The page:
Rapamycin and FK506 are macrocyclic natural products with an extraordinary mode of action, in which they form binary complexes with FK506-binding protein (FKBP) through a shared FKBP-binding domain before forming ternary complexes with their respective targets, mechanistic target of rapamycin (mTOR) and calcineurin, respectively. Inspired by this, we sought to build a rapamycin-like macromolecule library to target new cellular proteins by replacing the effector domain of rapamycin with a combinatorial library of oligopeptides. We developed a robust macrocyclization method using ring-closing metathesis and synthesized a 45,000-compound library of hybrid macrocycles (named rapafucins) using optimized FKBP-binding domains. Screening of the rapafucin library in human cells led to the discovery of rapadocin, an inhibitor of nucleoside uptake. Rapadocin is a potent, isoform-specific and FKBP-dependent inhibitor of the equilibrative nucleoside transporter 1 and is efficacious in an animal model of kidney ischaemia reperfusion injury. Together, these results demonstrate that rapafucins are a new class of chemical probes and drug leads that can expand the repertoire of protein targets well beyond mTOR and calcineurin.
Subscribe to Journal
Get full journal access for 1 year
only $4.92 per issue
All prices are NET prices.
VAT will be added later in the checkout.
Tax calculation will be finalised during checkout.
Rent or Buy article
Get time limited or full article access on ReadCube.
All prices are NET prices.
The data that support the findings of this study are available from the authors upon reasonable request.
Sehgal, S. N., Baker, H. & Vezina, C. Rapamycin (AY-22,989), a new antifungal antibiotic. II. Fermentation, isolation and characterization. J. Antibiot. 28, 727–732 (1975).
Tanaka, H. et al. Structure of FK506, a novel immunosuppressant isolated from Streptomyces. J. Am. Chem. Soc. 109, 5031–5033 (1987).
Harding, M. W., Galat, A., Uehling, D. E. & Schreiber, S. L. A receptor for the immunosuppressant FK506 is a cis–trans peptidyl-prolyl isomerase. Nature 341, 758–760 (1989).
Siekierka, J. J., Hung, S. H., Poe, M., Lin, C. S. & Sigal, N. H. A cytosolic binding protein for the immunosuppressant FK506 has peptidyl-prolyl isomerase activity but is distinct from cyclophilin. Nature 341, 755–757 (1989).
Heitman, J., Movva, N. R. & Hall, M. N. Targets for cell cycle arrest by the immunosuppressant rapamycin in yeast. Science 253, 905–909 (1991).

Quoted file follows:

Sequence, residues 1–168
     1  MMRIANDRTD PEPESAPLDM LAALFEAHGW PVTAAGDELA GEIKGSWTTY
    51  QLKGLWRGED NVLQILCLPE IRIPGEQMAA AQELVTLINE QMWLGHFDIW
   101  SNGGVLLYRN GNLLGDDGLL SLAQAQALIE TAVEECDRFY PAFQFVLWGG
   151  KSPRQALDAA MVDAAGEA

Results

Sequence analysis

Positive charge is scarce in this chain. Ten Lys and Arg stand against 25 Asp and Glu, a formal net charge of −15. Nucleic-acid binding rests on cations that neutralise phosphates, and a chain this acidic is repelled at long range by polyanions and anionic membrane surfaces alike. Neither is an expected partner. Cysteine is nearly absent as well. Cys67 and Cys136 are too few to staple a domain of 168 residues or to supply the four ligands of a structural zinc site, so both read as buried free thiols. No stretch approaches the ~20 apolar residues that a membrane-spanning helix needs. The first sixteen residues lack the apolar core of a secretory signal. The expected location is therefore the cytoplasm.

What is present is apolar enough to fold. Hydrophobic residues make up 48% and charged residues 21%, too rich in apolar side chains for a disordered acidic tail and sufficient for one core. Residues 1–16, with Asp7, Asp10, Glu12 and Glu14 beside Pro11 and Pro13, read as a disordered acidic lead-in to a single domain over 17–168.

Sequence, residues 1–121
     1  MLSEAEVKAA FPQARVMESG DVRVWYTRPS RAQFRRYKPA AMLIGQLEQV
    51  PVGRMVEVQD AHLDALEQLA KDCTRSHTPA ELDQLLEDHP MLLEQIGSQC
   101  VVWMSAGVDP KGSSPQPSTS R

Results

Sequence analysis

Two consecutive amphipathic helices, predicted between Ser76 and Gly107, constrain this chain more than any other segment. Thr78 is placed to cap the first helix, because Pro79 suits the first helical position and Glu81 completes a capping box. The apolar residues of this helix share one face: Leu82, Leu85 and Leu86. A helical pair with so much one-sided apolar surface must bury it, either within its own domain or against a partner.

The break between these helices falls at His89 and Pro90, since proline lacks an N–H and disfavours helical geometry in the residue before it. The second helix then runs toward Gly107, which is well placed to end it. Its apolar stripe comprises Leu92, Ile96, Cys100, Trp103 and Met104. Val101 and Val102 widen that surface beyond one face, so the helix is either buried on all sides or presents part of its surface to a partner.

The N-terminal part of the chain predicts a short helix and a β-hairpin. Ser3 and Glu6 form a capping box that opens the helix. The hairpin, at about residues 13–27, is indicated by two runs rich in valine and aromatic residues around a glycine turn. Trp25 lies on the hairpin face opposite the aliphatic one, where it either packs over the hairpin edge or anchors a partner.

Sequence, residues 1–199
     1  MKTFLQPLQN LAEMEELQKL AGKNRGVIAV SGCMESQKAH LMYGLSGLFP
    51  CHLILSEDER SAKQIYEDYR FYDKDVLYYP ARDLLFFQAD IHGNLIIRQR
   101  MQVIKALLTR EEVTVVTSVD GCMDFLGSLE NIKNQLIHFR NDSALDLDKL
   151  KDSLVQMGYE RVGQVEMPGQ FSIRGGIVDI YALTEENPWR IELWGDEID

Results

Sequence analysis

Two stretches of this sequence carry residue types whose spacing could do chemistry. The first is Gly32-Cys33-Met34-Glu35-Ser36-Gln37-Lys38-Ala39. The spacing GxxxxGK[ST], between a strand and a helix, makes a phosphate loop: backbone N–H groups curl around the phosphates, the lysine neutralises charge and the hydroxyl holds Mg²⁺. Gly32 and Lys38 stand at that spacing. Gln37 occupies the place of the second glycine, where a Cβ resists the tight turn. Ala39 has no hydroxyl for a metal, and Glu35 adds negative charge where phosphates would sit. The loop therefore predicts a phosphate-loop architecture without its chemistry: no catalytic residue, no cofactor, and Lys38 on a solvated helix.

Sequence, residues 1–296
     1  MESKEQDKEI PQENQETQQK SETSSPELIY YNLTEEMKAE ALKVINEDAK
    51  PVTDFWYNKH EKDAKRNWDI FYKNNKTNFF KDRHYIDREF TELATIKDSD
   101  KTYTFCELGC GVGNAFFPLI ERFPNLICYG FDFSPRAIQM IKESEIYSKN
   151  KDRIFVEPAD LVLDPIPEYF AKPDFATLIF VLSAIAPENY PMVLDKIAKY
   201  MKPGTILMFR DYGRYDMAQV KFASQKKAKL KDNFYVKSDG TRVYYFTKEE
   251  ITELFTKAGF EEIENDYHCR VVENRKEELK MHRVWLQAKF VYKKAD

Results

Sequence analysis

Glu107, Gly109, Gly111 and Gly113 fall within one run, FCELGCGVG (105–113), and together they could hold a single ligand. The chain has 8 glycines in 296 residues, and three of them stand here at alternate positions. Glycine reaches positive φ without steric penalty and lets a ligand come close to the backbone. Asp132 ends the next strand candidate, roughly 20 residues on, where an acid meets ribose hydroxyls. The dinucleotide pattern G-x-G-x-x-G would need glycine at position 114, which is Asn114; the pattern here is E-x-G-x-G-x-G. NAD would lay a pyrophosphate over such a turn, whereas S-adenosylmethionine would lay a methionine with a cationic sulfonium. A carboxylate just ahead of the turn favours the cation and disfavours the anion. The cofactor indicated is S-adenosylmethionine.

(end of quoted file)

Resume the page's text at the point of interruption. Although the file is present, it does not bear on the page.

Liu, J. et al. Calcineurin is a common target of cyclophilin–cyclosporin A and FKBP–FK506 complexes. Cell 66, 807–815 (1991).
Yang, H. et al. mTOR kinase structure, mechanism and regulation. Nature 497, 217–223 (2013).
Griffith, J. P. et al. X-ray structure of calcineurin inhibited by the immunophilin-immunosuppressant FKBP12–FK506 complex. Cell 82, 507–522 (1995).
Kissinger, C. R. et al. Crystal structures of human calcineurin and the human FKBP12–FK506–calcineurin complex. Nature 378, 641–644 (1995).
Marinec, P. S. et al. FK506-binding protein (FKBP) partitions a modified HIV protease inhibitor into blood cells and prolongs its lifetime in vivo. Proc. Natl Acad. Sci. USA 106, 1336–1341 (2009).
Klemm, J. D., Schreiber, S. L. & Crabtree, G. R. Dimerization as a regulatory mechanism in signal transduction. Annu. Rev. Immunol. 16, 569–592 (1998).
Bayle, J. H. et al. Rapamycin analogs with differential binding specificity permit orthogonal control of protein activity. Chem. Biol. 13, 99–107 (2006).
Guduru, S. K. R. & Arya, P. Synthesis and biological evaluation of rapamycin-derived, next generation small molecules. Med. Chem. Commun. 9, 27–43 (2018).
Chakraborty, T. K., Weber, H. P. & Nicolaou, K. C. Design and synthesis of a rapamycin-based high affinity binding FKBP12 ligand. Chem. Biol. 2, 157–161 (1995).
Wu, X. et al. Creating diverse target-binding surfaces on FKBP12: synthesis and evaluation of a rapamycin analogue library. ACS Comb. Sci. 13, 486–495 (2011).
Li, W., Bhat, S. & Liu, J. O. A simple and efficient route to the FKBP-binding domain from rapamycin. Tetrahedron Lett. 52, 5070–5072 (2011).
Furka, A., Sebestyen, F., Asgedom, M. & Dibo, G. General method for rapid synthesis of multicomponent peptide mixtures. Int. J. Pept. Protein Res. 37, 487–493 (1991).
Houghten, R. A. et al. Generation and use of synthetic peptide combinatorial libraries for basic research and drug discovery. Nature 354, 84–86 (1991).
Lam, K. S. et al. A new type of synthetic peptide library for identifying ligand-binding activity. Nature 354, 82–84 (1991).